If you’re a fruit lover, chances are you’ll want to slip some extra tasty treats for your feathered friends and might be thinking, can chickens eat apricots?
Although regular chicken feed has all the essential nutrients that will enable your chickens to lay around 250 eggs per annum, the occasional fresh fruit as a healthy snack to chickens in moderation is perfectly fine! (1)
Table of Contents
- Chickens can eat apricots in moderation.
- Apricots contain a range of vitamins and other beneficial substances.
- These include Vitamin E, C, K, B, and more.
- The fruit contains high water content even when dry.
- Chickens cannot eat the entire plant, only the fruit itself, without seed.
Read ahead to find out the health benefits and facts about these nutritious treats, including chickens’ nutritional requirements, the number of apricots and other fruit to feed them, and more!
Beneficial Nutrients Found in Apricots
One thing you’ll notice about almost all the fruits you try to feed your backyard chickens is that they are safe for them, as long as they’re given to them in moderate amounts.
Apricots are actually very low in calories, with around 70 gms or 2 apricots adding up to a total of 34 calories. (2) It also contains high water content, even when dry!
Here are a few facts about these healthy treats listed below.
Apricots Are Filled With Vitamins
If I start listing all the nutrients contained inside these healthy snacks, we’d be here all day!
Fresh apricots, and even dried ones, are such an excellent source of vitamins that you may want to keep some for yourself.
Here’s what you can expect from this seemingly tiny treat for chickens.
- Vitamin A: Apricots make for an excellent source of vitamin A. This can help improve your chickens’ eyesight and deals with the prevention of nighttime blindness.
But not just that, a lack of this vitamin could lead to severe health issues faced by your backyard flock, including bone development, reproduction, and overall growth. (3)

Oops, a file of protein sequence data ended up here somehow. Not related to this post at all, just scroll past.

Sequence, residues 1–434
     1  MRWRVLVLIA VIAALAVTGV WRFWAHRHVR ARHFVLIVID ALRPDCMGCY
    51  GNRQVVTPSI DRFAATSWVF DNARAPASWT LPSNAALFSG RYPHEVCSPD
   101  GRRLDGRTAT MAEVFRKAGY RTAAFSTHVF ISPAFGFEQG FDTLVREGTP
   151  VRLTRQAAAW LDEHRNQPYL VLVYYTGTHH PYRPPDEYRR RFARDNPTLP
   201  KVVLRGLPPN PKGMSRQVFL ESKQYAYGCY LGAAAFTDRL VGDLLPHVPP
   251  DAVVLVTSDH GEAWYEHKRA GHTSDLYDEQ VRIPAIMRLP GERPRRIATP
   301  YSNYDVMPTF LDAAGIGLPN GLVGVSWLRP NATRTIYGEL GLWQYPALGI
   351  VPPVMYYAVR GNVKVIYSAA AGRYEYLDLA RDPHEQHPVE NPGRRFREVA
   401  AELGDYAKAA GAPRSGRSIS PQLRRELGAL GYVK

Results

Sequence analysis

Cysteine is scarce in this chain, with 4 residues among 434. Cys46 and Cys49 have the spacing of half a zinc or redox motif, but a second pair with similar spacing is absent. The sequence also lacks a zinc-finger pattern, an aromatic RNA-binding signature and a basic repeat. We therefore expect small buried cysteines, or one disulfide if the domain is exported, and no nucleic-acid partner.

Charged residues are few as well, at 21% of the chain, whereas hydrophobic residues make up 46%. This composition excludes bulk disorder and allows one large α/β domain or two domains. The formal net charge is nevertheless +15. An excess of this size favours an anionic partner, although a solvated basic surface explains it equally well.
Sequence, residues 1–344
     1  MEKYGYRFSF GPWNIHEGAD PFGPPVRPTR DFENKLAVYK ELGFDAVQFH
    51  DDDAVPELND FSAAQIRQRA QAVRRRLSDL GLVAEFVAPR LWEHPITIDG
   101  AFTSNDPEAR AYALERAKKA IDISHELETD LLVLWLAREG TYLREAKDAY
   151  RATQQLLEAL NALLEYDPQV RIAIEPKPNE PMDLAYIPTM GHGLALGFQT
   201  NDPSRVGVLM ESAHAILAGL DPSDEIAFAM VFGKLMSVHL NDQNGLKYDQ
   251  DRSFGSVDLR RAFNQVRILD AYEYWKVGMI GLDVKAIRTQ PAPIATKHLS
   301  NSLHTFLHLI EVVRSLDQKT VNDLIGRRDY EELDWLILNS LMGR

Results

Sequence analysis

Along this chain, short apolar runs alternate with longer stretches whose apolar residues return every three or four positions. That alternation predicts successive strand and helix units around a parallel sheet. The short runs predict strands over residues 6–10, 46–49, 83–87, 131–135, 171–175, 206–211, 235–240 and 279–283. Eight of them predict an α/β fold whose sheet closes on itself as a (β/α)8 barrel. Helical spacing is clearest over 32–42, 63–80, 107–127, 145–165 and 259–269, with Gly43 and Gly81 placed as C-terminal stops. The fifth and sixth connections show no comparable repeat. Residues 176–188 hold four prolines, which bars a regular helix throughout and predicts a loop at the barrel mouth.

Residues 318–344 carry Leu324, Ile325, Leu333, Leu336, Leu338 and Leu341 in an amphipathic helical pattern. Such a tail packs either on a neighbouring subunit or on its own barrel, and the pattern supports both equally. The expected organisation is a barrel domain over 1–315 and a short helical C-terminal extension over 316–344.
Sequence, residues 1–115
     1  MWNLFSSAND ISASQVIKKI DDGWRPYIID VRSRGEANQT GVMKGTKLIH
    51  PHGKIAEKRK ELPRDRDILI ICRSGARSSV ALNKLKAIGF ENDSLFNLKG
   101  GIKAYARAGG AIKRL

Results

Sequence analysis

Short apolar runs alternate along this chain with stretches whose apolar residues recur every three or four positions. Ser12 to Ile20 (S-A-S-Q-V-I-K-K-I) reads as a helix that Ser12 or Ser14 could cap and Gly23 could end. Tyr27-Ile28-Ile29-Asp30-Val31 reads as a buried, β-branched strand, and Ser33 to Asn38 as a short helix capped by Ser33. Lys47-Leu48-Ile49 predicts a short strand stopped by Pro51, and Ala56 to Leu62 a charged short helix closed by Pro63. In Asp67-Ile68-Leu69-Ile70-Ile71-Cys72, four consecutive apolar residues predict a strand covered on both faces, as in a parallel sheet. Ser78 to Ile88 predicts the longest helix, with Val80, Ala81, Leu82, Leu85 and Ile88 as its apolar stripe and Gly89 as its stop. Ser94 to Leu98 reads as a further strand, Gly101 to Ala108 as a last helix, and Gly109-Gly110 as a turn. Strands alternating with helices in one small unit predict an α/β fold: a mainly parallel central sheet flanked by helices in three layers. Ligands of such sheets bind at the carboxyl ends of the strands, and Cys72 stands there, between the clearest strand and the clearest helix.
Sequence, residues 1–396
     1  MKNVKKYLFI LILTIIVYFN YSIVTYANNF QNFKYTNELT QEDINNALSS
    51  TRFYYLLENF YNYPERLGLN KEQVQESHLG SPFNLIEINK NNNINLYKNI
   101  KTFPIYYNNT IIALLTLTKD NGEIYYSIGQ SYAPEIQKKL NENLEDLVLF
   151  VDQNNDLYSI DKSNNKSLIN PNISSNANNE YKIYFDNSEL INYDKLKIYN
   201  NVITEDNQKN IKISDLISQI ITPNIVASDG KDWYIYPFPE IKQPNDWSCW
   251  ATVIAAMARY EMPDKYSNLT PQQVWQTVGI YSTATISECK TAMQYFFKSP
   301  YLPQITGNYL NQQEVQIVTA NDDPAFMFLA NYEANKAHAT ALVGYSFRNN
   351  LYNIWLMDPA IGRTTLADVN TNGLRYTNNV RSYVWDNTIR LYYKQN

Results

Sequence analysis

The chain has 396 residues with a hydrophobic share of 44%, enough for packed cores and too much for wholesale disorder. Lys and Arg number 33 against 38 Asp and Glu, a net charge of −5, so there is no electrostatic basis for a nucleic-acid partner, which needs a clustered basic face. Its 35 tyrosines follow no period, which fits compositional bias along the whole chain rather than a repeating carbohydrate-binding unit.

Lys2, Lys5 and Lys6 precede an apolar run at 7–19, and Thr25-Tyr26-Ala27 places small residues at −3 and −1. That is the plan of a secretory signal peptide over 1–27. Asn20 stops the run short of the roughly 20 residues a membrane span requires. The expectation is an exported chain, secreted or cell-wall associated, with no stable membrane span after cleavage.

You can check for Vitamin A deficiency by observing feather issues, reduced appetite, and fatigue.
- Vitamin C: Believe it or not, Vitamin C will help combat “heat stress,” in your chickens. Heat stress usually occurs in high temperatures and humid areas.
It can lead to reduced immunity, appetite, egg production, and mortality. Vitamin C fights against heat stress by reducing these problems.
- Vitamin E: Flock owners know that this is one of the most important vitamins for keeping your chickens healthy.
Vitamin E combats immune deficiency and boosts the nervous, muscular, and circulatory systems. It also aids in egg production as well as fertility.
Moreover, it can help your flock fight the damage caused by E. coli.
You can reserve some apricots for chickens, especially because of the potassium content, which also aids in egg production and deals with heat stress.
Chickens need about 150 mg of potassium each day, which also helps maintain blood pressure and prevents the formation of kidney stones.
All in all, this healthy treat can resolve many issues for chickens.
Nutritious Fruits To Feed Your Chicken
Like I said before, almost all fruit constitutes good snacks for chickens, as long as you are mindful of sugar content, even if you’re thinking about natural sugars present in the fruit.
Here’s an interesting video about feeding your chickens:
Remember, fruit can contribute dietary fibers that can improve the digestive tract or generally combat digestive issues. However, be careful not to feed them every part of the fruit.
For instance, given your chicken’s apple seeds could prove to be fatal. This is because apple seeds contain amygdalin. (4)
Amygdalin converts into cyanogenic glycosides, which, after metabolization, turn into HCN or hydrogen cyanide, poisonous to humans and animals alike.
At the same time, cantaloupe seeds are perfectly edible for chickens! (5) So it’s really a matter of doing your research on the nutritional benefits of different nutritious snacks.
Now bear with me because I keep talking about seeds, but sunflower seeds can actually be an excellent source of Vitamin E.